Other circumstances, such as an extremely narrow grip width or lowering the bar too low along the torso, can contribute to unintended over-flaring of the elbows, both of which will push the elbows to migrate away from the torso in order to prevent dislocation or other injuries.

2. Unstable Foundation

The spot along the torso where the barbell makes contact when the exerciser lowers it during the eccentric part of the bench press can also cause substantial shoulder discomfort because it causes twisting throughout the ball and socket joint of the shoulder – specifically the labrum in most cases.

The precise contact point of the bar will depend on the exerciser’s comfortable hand placement and the amount to which their elbows are tucked during the action. Still, it is widely accepted to be between the bottom of the pecs and the lower half of the sternum.

An incorrect touch point or an unstable foundation is usually just a symptom of other bench press mechanics being performed incorrectly. If the exerciser discovers that they cannot comfortably lower the bar to their chest without causing shoulder pain, it is recommended that they examine other aspects of their bench press as well.

3. Improper Recovery

The most common error individuals make is “wanting it” so badly that they overstrain it. It’s human nature; if we don’t see the results we want, the obvious remedy is to work more and harder.

Overtraining symptoms include a loss of desire, difficulty sleeping, poor diet, and a lack of development, such hurdle can be overcome by taking proteins like Bodylogix, BodyTech, Ascent Protein, etc. and having enough rest after the workout also helps.

4. Joint Fixation

The human body is an incredible mechanism. Whatever you throw at it will adjust, and you learn to deal with it. Keeping your body guessing, shifting things up, and adding diversity to your exercises help assure a favorable response. Stay one step ahead by varying your exercises and achieving your desired results.

For a few weeks, try dropping the reps on your bench press sets to six to eight repetitions. If you can avoid these frequent errors and are willing to try new things, you’ll soon be bench-pressing more than you ever imagined possible.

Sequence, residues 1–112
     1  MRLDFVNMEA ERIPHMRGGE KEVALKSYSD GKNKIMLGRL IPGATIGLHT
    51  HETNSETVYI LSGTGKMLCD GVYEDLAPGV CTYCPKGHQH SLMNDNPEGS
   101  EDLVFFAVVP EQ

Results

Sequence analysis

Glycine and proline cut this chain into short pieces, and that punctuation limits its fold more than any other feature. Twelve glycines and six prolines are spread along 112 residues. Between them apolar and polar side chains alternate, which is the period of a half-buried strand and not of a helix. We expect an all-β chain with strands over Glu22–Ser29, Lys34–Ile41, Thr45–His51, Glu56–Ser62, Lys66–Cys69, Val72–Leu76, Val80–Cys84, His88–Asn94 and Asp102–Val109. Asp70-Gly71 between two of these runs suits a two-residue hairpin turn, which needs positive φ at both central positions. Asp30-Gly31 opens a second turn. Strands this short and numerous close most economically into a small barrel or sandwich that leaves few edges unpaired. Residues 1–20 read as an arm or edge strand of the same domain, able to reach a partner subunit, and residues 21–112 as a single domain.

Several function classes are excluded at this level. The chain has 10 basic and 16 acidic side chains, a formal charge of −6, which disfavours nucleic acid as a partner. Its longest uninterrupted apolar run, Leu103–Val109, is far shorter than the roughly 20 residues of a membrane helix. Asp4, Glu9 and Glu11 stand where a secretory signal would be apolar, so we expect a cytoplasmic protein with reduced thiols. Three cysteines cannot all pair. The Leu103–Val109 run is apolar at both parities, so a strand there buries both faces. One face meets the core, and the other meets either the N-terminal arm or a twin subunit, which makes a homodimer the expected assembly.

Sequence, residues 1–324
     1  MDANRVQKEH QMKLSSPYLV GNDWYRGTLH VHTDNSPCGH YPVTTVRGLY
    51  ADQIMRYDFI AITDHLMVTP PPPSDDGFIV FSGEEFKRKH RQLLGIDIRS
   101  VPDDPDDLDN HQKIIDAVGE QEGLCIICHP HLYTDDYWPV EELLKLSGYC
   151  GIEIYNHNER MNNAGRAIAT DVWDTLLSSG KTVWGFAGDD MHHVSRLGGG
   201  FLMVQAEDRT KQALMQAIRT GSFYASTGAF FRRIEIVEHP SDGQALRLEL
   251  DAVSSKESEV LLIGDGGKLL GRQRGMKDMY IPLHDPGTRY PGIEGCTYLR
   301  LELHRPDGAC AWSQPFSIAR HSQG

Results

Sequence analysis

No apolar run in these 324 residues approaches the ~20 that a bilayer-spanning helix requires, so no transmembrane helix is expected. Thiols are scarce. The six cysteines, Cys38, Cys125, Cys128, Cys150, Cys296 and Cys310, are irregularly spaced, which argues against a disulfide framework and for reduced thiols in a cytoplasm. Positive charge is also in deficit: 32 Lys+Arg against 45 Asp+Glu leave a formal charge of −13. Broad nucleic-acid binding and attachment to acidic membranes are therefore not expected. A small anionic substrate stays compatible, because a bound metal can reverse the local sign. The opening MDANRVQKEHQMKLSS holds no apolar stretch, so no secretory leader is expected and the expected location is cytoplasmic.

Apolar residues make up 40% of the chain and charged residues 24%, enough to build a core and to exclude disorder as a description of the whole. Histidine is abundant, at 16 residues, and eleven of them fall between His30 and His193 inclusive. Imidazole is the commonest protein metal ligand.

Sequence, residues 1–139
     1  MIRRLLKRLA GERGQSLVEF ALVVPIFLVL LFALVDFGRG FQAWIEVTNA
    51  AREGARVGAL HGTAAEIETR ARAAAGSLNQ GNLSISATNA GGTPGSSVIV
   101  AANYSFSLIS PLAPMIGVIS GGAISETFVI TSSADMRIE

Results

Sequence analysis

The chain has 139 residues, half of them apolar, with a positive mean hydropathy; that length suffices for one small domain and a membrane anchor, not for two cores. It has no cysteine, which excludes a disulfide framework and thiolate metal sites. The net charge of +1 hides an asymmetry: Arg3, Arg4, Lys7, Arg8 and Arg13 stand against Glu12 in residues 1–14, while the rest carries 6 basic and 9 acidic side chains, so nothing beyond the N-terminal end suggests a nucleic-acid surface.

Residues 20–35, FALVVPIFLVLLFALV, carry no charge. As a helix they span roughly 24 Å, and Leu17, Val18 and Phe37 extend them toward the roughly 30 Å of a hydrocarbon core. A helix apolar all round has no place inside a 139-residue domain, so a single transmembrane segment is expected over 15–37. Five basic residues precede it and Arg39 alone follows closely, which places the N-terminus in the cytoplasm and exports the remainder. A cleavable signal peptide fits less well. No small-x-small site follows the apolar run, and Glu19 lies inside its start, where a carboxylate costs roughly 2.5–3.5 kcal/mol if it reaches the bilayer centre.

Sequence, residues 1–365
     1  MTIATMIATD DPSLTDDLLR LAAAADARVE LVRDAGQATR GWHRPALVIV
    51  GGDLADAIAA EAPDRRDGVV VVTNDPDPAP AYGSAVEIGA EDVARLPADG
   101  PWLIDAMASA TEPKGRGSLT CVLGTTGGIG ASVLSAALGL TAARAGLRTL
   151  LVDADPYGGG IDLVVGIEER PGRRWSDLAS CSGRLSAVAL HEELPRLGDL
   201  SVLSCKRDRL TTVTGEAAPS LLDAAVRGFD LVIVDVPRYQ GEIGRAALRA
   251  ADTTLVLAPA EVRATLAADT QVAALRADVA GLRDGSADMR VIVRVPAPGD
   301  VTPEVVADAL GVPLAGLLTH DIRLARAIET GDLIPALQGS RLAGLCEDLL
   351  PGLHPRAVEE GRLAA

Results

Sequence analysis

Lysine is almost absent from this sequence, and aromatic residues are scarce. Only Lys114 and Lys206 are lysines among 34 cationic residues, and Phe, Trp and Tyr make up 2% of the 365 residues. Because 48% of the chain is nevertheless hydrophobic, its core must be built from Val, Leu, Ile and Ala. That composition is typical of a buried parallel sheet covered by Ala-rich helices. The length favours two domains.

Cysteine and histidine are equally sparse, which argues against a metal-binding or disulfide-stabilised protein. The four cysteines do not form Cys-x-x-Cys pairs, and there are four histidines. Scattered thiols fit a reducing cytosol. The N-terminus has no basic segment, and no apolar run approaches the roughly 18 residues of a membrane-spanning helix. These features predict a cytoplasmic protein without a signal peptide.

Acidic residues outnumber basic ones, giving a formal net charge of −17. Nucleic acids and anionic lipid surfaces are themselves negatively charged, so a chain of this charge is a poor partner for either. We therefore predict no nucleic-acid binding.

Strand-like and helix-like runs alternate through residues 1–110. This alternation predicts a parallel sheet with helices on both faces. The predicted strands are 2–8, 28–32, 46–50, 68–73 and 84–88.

How To Eliminate Shoulder Pain While Benching

There’s a good chance you or someone you’ve met at the gym who has lifted weights for a while has dealt with shoulder discomfort. This might result from improper form, muscular imbalances like weakness or stiffness, or inappropriate muscle activation patterns. The training program’s exuberant advancement can also play a role.

 1. Alter Your Grip Width

To alleviate your shoulder soreness, consider adjusting the breadth of your grip. This makes bench pressing more pleasant by assisting in the weight transfer from delicate components. The ideal method for adjusting grip width is to start with a small grasp and gradually broaden it as you learn what suits your body type the most.

As you gauge your comfort level with the press, start by moving your hands half an inch. A big part of managing shoulder discomfort is determining what exact movements will and won’t trigger a pain reaction. For many people, switching to a neutral grip instead of the standard overhand grip quickly resolves everything.

Modify your grip by moving it just slightly outside your shoulders. To keep your elbows close to your body, you may do this while maintaining the most comfortable posture for your shoulder blades.

2. Keep Your Shoulder Blades Retracted

While bench pressing, shoulder discomfort can be very severe if the shoulder blades are not retracted. In this instance, the safest technique to execute bench presses and improve performance is to maintain your shoulder blades locked during retraction.

Any large lift requires a lot of force, and the more compact and tight the lifter can be, the more force it can produce. Because the shoulders and elbows are the main joints used in the bench press, keeping the shoulder blades retracted reduces stress on these joints and improves their ability to lift the weight. Therefore, keeping the shoulder blades in makes them safer and more efficient.